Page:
Virginia began executions by electric chair at the Spring Street penitentiary in 1908. The last hanging was in 1909. Executions took place barely a half mile from the center of Virginia Commonwealth University’s campus, where in later years (much later) my wife Denene was hard at work earning her PhD in pathology.

A few blocks further down the way was the location of the state lab where I delivered crime scene evidence for examination and testing. The state morgue was also there. It was the place where I observed numerous autopsies performed on murder victims. It was where the autopsy was conducted on the armed bank robber I shot and killed during a shootout.

It was there at the basement morgue when the medical examiner told me, in detail, that four of the five rounds I fired were fatal rounds. The fifth, the first round I fired in response to him shooting at me, was a shot to the side of the head, caused massive damage, but had that been the only round to have struck him, the shooter/robber may have survived.

A Hanging

In the summer of 1900 Brandt O’Grady was hanged along side Walter Cotton. O’Grady was white and Cotton was black. The hangings were in retaliation for the brutal murder of several individuals.

A mob of citizens, both whites and blacks, stormed the jail and pulled Cotton from his shackles and hanged him from the Cherry tree in the corner of the courthouse yard. Minutes later the black townspeople demanded that O’Grady also be hanged so the group forcefully removed Mr. O’Grady from his cell and “strung him up” on the Cherry tree next to Cotton’s  lifeless body.

Inside the old red brick jail in Southside Virginia, the land of cotton, peanuts, and soybeans, were enough tin cups for each prisoner to have one he could call his own, as long as he was serving time there.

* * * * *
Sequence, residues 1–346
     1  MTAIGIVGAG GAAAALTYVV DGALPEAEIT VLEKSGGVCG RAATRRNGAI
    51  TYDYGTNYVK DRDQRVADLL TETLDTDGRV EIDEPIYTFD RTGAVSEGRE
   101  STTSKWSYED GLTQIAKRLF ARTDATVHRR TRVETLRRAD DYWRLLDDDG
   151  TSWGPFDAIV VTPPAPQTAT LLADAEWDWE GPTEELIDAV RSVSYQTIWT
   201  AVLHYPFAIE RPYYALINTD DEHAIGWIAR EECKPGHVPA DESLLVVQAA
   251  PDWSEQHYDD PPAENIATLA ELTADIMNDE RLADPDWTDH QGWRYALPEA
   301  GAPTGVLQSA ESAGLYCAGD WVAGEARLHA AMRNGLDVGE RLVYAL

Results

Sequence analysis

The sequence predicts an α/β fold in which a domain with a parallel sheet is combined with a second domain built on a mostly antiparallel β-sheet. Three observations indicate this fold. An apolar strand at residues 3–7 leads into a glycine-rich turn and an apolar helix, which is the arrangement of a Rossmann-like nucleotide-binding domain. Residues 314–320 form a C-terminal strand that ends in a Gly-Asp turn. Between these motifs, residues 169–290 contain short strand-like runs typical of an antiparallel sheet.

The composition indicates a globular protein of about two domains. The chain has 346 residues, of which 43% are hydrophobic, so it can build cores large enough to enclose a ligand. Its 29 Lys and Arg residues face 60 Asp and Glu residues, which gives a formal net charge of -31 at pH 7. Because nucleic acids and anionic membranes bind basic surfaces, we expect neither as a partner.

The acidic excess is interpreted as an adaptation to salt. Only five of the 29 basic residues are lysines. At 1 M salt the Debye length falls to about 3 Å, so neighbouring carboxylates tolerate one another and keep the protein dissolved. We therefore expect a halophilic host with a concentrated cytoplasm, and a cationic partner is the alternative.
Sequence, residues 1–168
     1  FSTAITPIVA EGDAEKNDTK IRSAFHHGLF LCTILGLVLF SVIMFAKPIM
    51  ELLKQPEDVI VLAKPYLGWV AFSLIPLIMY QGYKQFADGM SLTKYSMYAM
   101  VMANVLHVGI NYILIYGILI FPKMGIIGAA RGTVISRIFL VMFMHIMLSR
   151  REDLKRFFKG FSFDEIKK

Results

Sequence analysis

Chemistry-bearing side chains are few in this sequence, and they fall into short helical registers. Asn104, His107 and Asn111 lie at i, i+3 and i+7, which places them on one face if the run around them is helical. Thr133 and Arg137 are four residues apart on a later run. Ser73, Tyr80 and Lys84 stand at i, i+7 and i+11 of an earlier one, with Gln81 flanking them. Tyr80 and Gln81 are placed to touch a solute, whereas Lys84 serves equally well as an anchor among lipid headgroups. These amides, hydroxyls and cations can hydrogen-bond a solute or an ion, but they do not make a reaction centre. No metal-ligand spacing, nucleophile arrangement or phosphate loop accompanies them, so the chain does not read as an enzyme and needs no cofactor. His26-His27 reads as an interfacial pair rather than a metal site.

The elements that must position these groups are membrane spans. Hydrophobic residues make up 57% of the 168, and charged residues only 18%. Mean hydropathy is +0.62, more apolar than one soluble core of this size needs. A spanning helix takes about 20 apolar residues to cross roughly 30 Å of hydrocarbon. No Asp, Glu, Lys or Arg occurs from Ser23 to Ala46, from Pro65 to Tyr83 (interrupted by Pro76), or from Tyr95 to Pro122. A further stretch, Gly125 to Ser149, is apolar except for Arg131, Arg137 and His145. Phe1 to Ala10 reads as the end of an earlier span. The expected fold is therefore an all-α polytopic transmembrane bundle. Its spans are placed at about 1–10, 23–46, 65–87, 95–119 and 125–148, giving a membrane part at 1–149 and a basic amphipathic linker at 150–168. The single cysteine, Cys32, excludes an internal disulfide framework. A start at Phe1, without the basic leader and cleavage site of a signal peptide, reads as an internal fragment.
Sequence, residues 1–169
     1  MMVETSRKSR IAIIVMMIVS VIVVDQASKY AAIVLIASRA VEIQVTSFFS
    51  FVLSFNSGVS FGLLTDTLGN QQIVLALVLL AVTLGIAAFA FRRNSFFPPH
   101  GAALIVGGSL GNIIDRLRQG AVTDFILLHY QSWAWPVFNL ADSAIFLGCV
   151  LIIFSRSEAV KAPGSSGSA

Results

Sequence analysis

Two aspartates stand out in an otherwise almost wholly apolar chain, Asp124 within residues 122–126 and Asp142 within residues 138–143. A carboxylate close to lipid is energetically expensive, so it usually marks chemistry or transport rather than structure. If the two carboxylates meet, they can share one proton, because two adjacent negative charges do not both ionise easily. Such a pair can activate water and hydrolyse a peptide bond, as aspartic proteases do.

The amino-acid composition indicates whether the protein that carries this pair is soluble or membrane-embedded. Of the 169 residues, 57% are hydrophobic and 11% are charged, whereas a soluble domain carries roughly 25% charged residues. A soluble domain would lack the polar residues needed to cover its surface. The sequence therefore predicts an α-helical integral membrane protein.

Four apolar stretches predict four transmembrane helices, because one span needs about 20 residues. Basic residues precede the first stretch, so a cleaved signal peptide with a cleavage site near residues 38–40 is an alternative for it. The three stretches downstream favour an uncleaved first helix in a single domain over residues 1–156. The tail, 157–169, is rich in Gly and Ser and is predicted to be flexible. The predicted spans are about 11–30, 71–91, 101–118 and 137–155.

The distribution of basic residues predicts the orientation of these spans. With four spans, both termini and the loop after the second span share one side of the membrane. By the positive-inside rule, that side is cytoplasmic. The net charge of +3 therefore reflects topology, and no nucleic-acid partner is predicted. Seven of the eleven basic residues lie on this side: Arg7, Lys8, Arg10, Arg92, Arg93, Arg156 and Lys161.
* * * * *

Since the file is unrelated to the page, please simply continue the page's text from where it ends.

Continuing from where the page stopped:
When I started working as a sheriff’s deputy, way back during the days of revolvers, patrol cars with those super long whip antennas, and when pepper spray was unheard of, my first assignment was to serve as a jailer. Part of that duty was to oversee the delivery of food trays at mealtimes. Prisoner trustees—short-timers with good jail records— carried the trays from the kitchen to each cell.

The trays we used were the kind you see in school across the country, hard plastic with divided sections that separate each portion of food from another. They were passed to the prisoners through “tray slots” in the cell doors.

At the top right of each tray was a tin cup filled with the beverage du jour. At breakfast time they contained coffee. To accompany lunch and dinner, the beverage was a fruit-flavored drink similar to Kool-Aid.

Prisoners were not allowed to keep the cups inside their cells. To do so was an infraction of jail time which could’ve led to time in “the hole” or a loss of privileges such as visitations, phone use, or their weekly canteen service.

But, inmates will be inmates, and they seemed to find ways to steal a cup or two. The kitchen staff was responsible for the accurate inventory and control of all kitchen items (cups, silverware, trays, etc. Someone was accountable for those items at all times, and it was serious business if something turned up missing. And yes, it’s true. Sometimes those cups were used to bang against the bars. That’s a sound one doesn’t forget too easily.

Tin cups could be fashioned into all sorts of weapons, of course. They were also used for cooking. They’re great for heating coffee, soup, etc., when held over an open fire. Fire, of course, is not permitted at any time. But prisoners find a way. They always seem to find a way to do, well, anything.

My old tired eyes have seen many prisoners over the years, many of whom shared some pretty incredible stories. Some not so true, but others were so fantastic that they manage to flicker cross the front of my mind to this day. I still feel the emotion they exhibited when telling those personal tales.